Deep linking in Ionic Mobile Applications

Jamie Sutherland
Mar 3, 2015 · 4 min read

Deep linking inside of cordova apps build with angular is a common request. It’s a fairly easy task to get the deep link URL. Write a global function to handle the call to handleOpenURL then do stuff inside of it to move to the correct place in your application. Android users will need this plugin. https://github.com/EddyVerbruggen/Custom-URL-scheme

Doing this inside of AngularJS and Ionic bring a few extra challenges. First, you have the problem of getting the global call to handleOpenURL to be handled inside of your Angular application. There are a few solutions out there like fetching the body element, getting the scope and calling a function. I found these to be a bit hacky.

Next you have to deal with a race condition. The time between handleOpenURL being called and your application varies greatly if your app is starting from cold or from the background. Some solutions just wait X amount of seconds. As you can guess this isn’t ideal.

The final problem is with Ionic, well ui-router technically. It has no concept of history inside the state system provides by the router. Ionic fills this gap with their $ionicHistory service. Where this falls down though is in deep linking. If you jump straight to a state even one level deep. It doesn’t know how to come back up that tree. So the ugly hack is to use nested $state.go calls, or use modals for the views you want to pop to the front. Again both not ideal.

So here’s a solution we’re using to tackle these issues to provide deep linking into our application from a custom URL or from push notifications.

State Configuration

The first change is we need to give our state model an idea of the hierarchy of the states. This will let us page back through states in a predictable way if we jump into any state in our application.

The state of tab.feeds/feed shows that the tab.feeds state is a parent of that state. State hierarchy is denoted by the ‘/’.

This is not to be confused with parent concepts inside of ui-router.

Back Button Directive

Now we need some way to workout when we’re deep in our application and how to get us back to the top level view. A directive is perfect for this. The code below creates a back button that only shows when there is a parent view to navigate to but there is no back view in the history.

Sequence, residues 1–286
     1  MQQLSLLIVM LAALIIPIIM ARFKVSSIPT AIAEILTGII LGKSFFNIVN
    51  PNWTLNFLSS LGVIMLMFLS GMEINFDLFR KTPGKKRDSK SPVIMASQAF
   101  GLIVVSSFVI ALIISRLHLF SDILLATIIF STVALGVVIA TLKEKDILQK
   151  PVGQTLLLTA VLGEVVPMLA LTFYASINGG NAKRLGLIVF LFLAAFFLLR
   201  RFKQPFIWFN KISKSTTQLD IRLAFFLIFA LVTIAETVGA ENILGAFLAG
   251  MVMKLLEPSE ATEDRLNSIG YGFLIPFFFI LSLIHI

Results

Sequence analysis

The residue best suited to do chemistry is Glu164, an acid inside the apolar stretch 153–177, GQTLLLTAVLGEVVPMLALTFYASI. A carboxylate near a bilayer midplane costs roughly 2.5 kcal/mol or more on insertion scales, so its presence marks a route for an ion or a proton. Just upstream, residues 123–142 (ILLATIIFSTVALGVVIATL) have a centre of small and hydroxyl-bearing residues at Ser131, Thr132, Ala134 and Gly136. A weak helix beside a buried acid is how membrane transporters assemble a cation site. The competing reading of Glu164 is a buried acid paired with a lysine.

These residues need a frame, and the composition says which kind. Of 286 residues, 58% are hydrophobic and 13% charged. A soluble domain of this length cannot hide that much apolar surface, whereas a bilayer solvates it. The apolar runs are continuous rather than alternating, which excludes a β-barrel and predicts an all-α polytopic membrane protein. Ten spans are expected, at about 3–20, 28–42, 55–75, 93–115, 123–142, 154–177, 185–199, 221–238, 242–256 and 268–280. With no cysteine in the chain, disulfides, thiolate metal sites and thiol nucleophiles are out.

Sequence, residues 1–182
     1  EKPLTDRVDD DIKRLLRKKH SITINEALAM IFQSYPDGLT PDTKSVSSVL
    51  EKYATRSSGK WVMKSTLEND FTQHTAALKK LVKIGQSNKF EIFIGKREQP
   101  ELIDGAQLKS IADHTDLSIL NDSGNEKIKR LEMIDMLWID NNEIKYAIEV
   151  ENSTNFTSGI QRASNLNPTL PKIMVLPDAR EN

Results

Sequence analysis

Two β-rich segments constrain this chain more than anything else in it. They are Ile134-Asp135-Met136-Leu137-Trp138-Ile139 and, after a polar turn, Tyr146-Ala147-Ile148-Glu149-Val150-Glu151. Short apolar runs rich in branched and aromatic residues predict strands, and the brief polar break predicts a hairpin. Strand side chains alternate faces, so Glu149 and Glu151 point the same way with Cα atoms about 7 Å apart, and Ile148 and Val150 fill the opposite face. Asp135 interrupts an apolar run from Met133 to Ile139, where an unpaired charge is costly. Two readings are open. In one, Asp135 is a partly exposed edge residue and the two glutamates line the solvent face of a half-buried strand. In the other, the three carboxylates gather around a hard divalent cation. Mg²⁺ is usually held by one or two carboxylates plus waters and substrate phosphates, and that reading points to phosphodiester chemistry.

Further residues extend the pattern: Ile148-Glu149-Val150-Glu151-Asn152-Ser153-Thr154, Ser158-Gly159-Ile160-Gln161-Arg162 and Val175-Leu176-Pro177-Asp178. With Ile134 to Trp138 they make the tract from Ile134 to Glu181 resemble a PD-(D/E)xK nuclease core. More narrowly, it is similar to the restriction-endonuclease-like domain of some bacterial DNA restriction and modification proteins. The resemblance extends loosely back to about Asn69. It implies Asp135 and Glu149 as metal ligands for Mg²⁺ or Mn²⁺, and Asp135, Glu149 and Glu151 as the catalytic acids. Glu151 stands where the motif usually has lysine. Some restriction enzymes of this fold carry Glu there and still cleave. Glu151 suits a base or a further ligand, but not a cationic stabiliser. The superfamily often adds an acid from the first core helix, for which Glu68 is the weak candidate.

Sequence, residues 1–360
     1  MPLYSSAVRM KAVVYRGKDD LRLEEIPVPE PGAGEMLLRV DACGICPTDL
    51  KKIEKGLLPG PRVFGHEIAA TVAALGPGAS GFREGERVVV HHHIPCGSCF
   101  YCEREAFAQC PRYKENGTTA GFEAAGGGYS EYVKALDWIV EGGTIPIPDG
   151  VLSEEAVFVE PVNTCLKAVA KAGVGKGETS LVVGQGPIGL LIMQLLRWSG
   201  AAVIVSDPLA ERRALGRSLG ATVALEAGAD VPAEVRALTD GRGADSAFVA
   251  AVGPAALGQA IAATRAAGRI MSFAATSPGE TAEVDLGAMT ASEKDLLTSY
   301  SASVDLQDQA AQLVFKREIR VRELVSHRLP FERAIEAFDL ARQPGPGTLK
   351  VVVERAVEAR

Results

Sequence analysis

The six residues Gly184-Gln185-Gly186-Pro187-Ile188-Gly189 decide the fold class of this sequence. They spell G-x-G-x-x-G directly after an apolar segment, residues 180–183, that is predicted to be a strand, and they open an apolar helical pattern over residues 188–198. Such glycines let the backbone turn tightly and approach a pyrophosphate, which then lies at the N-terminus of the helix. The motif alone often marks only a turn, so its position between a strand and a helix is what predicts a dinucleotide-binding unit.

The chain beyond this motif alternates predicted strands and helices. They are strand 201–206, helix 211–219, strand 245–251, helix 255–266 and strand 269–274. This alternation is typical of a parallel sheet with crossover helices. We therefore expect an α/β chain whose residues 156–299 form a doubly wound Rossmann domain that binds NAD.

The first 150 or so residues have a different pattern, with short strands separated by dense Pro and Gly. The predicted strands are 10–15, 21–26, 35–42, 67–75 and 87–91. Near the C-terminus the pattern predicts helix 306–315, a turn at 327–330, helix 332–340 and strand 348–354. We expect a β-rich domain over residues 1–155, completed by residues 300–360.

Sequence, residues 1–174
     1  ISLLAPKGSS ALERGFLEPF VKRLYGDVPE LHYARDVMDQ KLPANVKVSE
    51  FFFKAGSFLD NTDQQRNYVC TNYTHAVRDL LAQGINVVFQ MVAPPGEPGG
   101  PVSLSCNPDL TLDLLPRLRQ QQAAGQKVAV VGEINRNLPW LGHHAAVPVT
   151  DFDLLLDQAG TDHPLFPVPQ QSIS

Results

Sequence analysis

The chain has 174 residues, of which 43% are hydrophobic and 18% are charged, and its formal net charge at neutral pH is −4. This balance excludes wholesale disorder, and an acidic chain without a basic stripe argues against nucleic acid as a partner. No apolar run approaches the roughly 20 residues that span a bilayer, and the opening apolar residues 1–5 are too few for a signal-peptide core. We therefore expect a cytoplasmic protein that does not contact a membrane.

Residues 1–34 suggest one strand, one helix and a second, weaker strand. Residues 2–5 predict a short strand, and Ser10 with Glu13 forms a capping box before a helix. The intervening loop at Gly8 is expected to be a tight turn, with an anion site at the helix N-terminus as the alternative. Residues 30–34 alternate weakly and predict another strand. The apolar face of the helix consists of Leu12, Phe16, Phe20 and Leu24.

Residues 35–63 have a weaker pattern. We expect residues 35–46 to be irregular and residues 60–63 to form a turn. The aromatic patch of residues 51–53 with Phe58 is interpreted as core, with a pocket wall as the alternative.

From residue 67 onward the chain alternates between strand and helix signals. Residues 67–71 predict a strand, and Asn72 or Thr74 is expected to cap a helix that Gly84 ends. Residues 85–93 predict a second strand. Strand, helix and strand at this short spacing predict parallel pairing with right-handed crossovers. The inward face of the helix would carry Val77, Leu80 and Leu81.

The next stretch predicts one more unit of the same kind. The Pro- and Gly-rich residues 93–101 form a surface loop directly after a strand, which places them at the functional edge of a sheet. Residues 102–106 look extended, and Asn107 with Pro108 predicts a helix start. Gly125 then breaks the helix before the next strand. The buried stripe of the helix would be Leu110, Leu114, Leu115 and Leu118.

The interesting part here is the canGoBack method which checks the current state. Splits it by ‘/’ and works out if there is a fake state to jump back to. It only returns true if there is no back state in history already. The next key part is in the $ionicHistory.nextViewOptions() call. We disable the history and back button. If we didn’t back would actually be forward were we just came from.

Using the directive, you’ll want to place it on nested views in between the ion-view and ion-content directives.

 <ion-view>
<mlz-back-button></mlz-back-button>
<ion-content>
….

// TODO: I’m sure this can be improved by hooking into ionic’s actual back button

Handling Custom URLs

Next we need to take care of the race conditions and global handling when handling custom URLs. When looking at this problem, I was thinking. Why doesn’t this work like the deviceready event. Why can’t I attach an eventListener that is triggered if the openURL has already been found and handled.

A bit of digging revealed that cordova has functionality to create sticky event handlers. So we can use the exact same functionality used to handle the deviceready event.

This code in your main app.js file will handle the global call to handleOpenURL and fire off a cordova document event. This is designed to work with cordova.addStickyDocumentEventHandler so that once this event has been fired, the result is stored an any listeners attached to it in the future will be given the historic result. It also works as expected if the listener is attached before the event is trigger. This eliminates the race condition problem

OpenUrlService

Now we just need something to consume the event as we would any other event and change the location of the application when it’s fired. Note the changes to $ionicHistory. These make sure that view history will not be preserved when jumping into this state. This ensures that our fake back button directive will work from earlier.

Rounding this all up

Well I hope this helps someone get there deep link on inside of their Ionic app with ease in a clean, and testable way. The beauty about this is if you keep your urls and state kinda identical when mapping out the states. It makes it super simple to use the same system to deep link using an object from a push notification. But I’ll leave that for later.

AngularJS Articles

Decent articles about the popular AngularJS framework

Medium is an open platform where 170 million readers come to find insightful and dynamic thinking. Here, expert and undiscovered voices alike dive into the heart of any topic and bring new ideas to the surface. Learn more

Follow the writers, publications, and topics that matter to you, and you’ll see them on your homepage and in your inbox. Explore

If you have a story to tell, knowledge to share, or a perspective to offer — welcome home. It’s easy and free to post your thinking on any topic. Write on Medium

Get the Medium app

A button that says 'Download on the App Store', and if clicked it will lead you to the iOS App store
A button that says 'Get it on, Google Play', and if clicked it will lead you to the Google Play store